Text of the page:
Unlike the world-ranging mega-aquariums, the friendly, medium-size Oregon Coast Aquarium concentrates on (as the name implies) Oregon's coast. Fortunately, lots of compelling things live there, including turtles, sea otters, seals, sea lions, many kinds of birds, and an amazing variety of jellyfish. For an added fee, "Animal Encounters" turns visitors into personal chefs for octopuses, sea otters, sharks, or sea lions. Participants help prepare the food, then meet the "diners"; 541/867-3474 or aquarium.org.
7. South Carolina Aquarium, Charleston, South Carolina
In what seems at first like a design oddity, visitors enter at the back of the building. That brings into view a panoramic vista of the Cooper River and Charleston Harbor, thus turning the surrounding environment into one of the exhibits. The strong sense of place continues inside. Children especially love the realistic, slightly spooky re-creations of such environments as a dim, breezy mountain ravine and a foggy blackwater swamp where the "ground" seems to quake underfoot. A sense of playfulness pervades. For example, the aquarium's designers knew that guests can't resist peeking into small, unlabeled windows and crannies; 800/722-6455 or scaquarium.org.
8. Mystic Aquarium & Institute for Exploration, Mystic, Connecticut
Relatively small but ambitious, Mystic Aquarium ranges over much of the earth, displaying penguins, cownose rays, sea lions, beluga whales, and, from the Amazon rain forest, piranhas. It also rescues whales, dolphins, and other injured marine animals. And it has joined forces (through the Institute for Exploration) with deep-ocean explorer Robert Ballard, famous for discovering the Titanic wreckage. Spin-off effects from those behind-the-scenes activities should help keep the aquarium on the rise; 860/572-5955 or mysticaquarium.org.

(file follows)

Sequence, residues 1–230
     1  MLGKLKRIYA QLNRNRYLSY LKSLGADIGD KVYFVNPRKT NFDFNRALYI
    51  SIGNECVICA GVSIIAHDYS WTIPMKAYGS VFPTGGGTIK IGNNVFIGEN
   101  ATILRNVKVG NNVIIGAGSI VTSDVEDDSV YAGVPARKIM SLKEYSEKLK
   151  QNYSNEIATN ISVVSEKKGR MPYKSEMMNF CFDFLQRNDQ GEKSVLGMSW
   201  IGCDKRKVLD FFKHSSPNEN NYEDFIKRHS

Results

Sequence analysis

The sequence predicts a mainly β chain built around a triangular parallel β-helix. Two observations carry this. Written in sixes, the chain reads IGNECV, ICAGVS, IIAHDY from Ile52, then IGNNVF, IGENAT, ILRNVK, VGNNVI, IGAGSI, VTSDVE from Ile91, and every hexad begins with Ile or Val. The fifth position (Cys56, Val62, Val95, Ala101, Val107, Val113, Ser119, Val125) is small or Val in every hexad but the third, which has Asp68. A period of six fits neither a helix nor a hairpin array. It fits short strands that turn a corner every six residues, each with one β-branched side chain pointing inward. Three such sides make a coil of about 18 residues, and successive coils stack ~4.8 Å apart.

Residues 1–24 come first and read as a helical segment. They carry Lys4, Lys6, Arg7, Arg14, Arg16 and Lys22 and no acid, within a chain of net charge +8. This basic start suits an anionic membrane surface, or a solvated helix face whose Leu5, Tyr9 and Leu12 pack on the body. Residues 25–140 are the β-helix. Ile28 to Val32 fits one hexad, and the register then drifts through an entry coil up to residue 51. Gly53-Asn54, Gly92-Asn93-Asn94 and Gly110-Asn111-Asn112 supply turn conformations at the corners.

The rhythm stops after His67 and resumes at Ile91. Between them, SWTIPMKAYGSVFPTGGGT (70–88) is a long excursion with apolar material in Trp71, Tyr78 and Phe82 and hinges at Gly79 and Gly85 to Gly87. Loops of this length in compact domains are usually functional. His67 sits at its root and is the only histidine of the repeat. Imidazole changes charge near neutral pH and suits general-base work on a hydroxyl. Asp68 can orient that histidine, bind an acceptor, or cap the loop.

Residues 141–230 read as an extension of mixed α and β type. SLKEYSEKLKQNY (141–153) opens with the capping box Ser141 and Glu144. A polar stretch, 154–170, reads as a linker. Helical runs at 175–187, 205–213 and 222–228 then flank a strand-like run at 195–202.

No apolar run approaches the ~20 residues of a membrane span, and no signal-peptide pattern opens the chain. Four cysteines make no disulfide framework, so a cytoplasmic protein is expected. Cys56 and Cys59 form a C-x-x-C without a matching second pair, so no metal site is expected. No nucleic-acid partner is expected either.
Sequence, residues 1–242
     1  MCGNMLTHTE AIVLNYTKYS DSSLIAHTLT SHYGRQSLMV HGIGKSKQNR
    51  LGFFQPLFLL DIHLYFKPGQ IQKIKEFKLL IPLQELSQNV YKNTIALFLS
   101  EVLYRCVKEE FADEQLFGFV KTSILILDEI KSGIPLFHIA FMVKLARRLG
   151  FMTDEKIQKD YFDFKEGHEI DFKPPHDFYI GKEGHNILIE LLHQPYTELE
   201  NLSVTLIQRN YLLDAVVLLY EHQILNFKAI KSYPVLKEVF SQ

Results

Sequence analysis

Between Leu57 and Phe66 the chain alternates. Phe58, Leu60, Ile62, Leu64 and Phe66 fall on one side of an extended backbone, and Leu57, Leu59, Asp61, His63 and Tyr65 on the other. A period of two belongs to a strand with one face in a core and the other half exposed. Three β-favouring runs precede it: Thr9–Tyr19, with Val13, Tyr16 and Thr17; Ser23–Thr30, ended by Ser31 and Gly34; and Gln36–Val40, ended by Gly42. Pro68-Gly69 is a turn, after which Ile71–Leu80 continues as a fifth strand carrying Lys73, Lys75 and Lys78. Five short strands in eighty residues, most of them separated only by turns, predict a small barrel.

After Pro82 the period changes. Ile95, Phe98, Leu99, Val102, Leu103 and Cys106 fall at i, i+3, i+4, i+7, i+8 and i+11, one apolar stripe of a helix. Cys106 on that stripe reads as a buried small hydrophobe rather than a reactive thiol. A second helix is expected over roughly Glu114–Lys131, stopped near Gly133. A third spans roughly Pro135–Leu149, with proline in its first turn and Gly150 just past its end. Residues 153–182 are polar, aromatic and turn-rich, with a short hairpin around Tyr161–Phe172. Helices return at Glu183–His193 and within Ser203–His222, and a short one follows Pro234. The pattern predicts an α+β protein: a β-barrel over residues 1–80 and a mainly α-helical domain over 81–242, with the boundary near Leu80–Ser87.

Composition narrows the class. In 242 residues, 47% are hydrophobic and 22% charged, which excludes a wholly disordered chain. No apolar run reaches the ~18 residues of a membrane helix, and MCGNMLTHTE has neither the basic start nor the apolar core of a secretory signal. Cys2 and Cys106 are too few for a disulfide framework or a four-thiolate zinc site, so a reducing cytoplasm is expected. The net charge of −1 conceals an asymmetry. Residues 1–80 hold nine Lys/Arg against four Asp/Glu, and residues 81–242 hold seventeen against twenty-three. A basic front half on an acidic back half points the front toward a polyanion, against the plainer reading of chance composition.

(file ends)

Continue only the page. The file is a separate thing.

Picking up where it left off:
9. Vancouver Aquarium Marine Science Centre, Vancouver, British Columbia
Exhibits cover everything from the Amazon rain forest to an Indonesian coral reef to the nearby waters of Pacific Canada. Sharks, sea otters, dolphins, and sea lions all draw crowds. But the Arctic Canada exhibit shows off the true stars: long, lean, ghost-white beluga whales. The belugas perform several shows a day. The extra-cost Beluga Encounter allows guests to participate in feeding and training sessions, and includes one-on-one meetings with the sleek cetaceans; 604/659-3474 or www.vanaqua.org.
10. The Florida Aquarium, Tampa, Florida
The aquarium's arching glass roof has become a focal point for the redevelopment of Tampa's waterfront. The focus on Florida species probably makes it more interesting for out-of-state tourists than locals. Still, the Coral Reef Gallery, with its panoramic windows and walk-through tunnel, packs quite a visual wallop. Children love Explore-A-Shore, a watery playground with animal shows. Extra-cost bonuses allow visitors to swim with fish (including sharks) or take a two-hour boat eco-tour of Tampa Bay; 813/273-4000 or flaquarium.org.
Recovering: Hurricane Katrina in August 2005 dealt a devastating blow to the Aquarium of the Americas in New Orleans, which otherwise would easily have made our top 10. The building suffered little damage, but the loss of electrical power shut down the life-support systems. The few surviving animals have been transferred to other aquariums. For updates and information on reopening (not expected for some time), see auduboninstitute.com. That Web site also contains information about donating to the recovery effort.